An adjustment of the patient online positioning criteria was applied in 6% (30/543) of the CBCT review requests and was mostly seen in the categories shift of tumor and review of match. The adjustment consisted mostly of a transfer from a carina match to bony anatomy match or a mediation between two criteria indicating matching problems when dealing with multiple target volumes.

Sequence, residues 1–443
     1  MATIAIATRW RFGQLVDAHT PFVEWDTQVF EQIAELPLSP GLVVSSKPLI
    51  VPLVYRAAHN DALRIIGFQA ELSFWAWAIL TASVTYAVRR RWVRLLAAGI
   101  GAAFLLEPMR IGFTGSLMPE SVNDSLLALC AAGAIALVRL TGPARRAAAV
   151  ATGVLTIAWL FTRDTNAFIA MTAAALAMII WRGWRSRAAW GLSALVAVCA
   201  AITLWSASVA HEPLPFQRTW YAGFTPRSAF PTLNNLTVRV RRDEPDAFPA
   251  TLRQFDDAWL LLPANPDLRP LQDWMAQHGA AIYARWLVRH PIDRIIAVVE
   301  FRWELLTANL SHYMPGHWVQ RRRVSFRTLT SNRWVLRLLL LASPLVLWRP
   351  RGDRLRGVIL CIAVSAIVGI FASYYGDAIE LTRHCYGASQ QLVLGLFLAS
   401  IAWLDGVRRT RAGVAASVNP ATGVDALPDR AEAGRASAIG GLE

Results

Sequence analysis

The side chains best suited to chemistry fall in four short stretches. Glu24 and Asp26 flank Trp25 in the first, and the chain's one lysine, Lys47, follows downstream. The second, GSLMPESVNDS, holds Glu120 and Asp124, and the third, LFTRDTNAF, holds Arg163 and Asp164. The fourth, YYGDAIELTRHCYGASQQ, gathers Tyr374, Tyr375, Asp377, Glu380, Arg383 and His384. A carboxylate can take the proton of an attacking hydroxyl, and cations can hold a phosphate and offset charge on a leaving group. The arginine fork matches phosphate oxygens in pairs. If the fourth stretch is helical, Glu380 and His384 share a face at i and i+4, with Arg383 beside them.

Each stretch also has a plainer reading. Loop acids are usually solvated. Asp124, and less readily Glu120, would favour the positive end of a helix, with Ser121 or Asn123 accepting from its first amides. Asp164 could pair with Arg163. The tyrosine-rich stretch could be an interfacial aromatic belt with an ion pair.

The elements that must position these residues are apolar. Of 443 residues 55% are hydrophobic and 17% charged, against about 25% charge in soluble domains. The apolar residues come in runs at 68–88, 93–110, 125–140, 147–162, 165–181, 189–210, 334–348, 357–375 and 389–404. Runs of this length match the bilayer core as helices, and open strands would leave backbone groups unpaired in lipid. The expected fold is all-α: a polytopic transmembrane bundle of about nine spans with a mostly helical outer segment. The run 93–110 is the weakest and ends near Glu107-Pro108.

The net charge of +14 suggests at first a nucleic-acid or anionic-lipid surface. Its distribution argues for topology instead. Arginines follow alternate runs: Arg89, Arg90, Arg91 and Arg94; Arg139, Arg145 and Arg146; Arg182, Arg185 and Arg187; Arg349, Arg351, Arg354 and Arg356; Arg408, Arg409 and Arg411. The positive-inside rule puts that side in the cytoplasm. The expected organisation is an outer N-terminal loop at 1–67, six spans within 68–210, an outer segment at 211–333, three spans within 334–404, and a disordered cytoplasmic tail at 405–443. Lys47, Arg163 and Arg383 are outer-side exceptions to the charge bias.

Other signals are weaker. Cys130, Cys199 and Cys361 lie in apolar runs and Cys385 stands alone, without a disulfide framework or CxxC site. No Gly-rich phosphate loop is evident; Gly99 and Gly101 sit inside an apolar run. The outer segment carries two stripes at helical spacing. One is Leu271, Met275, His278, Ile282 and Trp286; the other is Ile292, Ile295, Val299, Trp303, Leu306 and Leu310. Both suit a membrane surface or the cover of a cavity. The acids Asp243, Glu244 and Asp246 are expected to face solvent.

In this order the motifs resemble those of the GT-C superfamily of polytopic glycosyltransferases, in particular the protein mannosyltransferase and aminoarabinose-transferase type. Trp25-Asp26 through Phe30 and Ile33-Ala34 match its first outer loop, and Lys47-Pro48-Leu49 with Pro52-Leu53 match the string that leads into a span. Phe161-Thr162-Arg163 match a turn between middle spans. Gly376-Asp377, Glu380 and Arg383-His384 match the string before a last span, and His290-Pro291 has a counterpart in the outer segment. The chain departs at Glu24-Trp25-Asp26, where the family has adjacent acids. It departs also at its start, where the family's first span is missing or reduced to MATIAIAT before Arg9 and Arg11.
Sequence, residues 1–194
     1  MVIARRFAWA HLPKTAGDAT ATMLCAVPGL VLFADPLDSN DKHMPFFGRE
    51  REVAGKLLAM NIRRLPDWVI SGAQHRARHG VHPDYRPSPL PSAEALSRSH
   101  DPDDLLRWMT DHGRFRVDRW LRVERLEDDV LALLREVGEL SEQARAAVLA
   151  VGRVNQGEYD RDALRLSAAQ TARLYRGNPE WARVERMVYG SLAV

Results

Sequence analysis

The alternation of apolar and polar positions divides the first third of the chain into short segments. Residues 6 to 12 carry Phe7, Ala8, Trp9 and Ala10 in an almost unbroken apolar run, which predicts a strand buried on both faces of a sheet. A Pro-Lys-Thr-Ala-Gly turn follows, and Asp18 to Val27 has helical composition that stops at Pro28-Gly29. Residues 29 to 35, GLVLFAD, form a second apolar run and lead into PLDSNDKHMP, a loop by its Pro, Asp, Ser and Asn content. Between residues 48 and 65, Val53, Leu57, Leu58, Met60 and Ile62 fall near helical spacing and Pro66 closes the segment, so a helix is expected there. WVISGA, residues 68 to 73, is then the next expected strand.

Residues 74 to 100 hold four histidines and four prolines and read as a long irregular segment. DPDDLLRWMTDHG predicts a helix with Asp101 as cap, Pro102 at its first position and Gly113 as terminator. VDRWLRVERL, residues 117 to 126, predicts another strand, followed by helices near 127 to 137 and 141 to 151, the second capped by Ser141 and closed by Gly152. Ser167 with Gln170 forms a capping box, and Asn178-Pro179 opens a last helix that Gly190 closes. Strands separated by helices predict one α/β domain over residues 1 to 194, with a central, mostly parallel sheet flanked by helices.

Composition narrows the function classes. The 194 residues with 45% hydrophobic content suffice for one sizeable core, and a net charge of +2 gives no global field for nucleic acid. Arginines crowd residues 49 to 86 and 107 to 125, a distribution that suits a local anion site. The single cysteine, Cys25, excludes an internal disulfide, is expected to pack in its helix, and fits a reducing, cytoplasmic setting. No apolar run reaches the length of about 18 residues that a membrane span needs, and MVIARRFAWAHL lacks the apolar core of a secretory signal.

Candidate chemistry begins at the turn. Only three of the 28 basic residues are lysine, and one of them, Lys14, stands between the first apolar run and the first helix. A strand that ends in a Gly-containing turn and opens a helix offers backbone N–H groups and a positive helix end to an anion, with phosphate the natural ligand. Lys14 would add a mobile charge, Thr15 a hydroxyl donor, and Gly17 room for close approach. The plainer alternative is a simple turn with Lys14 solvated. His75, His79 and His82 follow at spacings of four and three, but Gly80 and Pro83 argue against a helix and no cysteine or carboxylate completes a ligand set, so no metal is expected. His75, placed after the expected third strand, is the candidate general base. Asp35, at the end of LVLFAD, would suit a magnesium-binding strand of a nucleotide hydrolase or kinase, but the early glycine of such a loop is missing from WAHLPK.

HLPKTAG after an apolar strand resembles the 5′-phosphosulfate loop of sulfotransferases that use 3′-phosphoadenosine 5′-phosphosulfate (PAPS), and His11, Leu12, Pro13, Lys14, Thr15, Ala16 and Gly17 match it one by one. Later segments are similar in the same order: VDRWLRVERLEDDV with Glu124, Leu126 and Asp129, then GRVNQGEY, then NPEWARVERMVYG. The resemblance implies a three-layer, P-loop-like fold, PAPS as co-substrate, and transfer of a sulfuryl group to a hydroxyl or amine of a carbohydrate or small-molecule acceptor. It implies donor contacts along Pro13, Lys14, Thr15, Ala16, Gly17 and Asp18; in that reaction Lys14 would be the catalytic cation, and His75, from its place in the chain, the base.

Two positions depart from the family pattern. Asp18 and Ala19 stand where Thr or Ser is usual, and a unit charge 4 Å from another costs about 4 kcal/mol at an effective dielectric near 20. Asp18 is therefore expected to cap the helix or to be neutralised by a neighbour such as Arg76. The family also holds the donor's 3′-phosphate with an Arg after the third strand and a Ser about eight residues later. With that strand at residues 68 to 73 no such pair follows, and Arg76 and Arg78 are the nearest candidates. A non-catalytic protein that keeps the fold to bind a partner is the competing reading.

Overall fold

Plan adaptation was required in 7% (39/543) of the CBCT review requests. The plan adaptation could either be a new treatment plan (34/39), a reduction of the total number of fractions by omitting the final fraction (4/39) or other (1/39). Five patients had their plan adapted twice during treatment. The majority of plan adaptations was due to a change in tumor volume (12/39, 2/12 tumor progression, 10/12 tumor regression) or changed anatomy of lung (14/39). The category shift of tumor outside the PTV was very efficient at selecting patients that required adaptation. Due to involved node stations these patients were matched on bony anatomy or the carina to ensure good coverage for both nodes and primary tumor. Plan adaptation was required in 80% (8/10) of the CBCT review requests in this category. The majority of CBCT review orders classified as a code red (18/543) required a plan adaptation (13/18). An overview of the plan adaptations during treatment is given in Fig. 2.